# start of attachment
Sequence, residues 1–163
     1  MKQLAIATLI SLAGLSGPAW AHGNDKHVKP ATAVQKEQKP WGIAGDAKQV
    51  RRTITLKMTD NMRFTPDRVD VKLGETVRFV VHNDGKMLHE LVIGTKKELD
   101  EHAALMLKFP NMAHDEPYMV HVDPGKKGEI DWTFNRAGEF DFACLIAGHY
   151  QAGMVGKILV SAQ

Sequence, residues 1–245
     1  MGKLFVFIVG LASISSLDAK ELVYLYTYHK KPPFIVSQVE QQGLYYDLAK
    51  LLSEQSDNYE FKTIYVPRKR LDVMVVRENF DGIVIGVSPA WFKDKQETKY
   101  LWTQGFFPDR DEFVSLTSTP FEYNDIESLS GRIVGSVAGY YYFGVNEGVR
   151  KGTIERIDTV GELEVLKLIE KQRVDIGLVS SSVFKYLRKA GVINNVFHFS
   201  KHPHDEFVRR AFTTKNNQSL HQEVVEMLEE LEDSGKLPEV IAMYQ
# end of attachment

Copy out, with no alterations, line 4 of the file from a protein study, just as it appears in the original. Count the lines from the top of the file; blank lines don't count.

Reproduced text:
   101  EHAALMLKFP NMAHDEPYMV HVDPGKKGEI DWTFNRAGEF DFACLIAGHY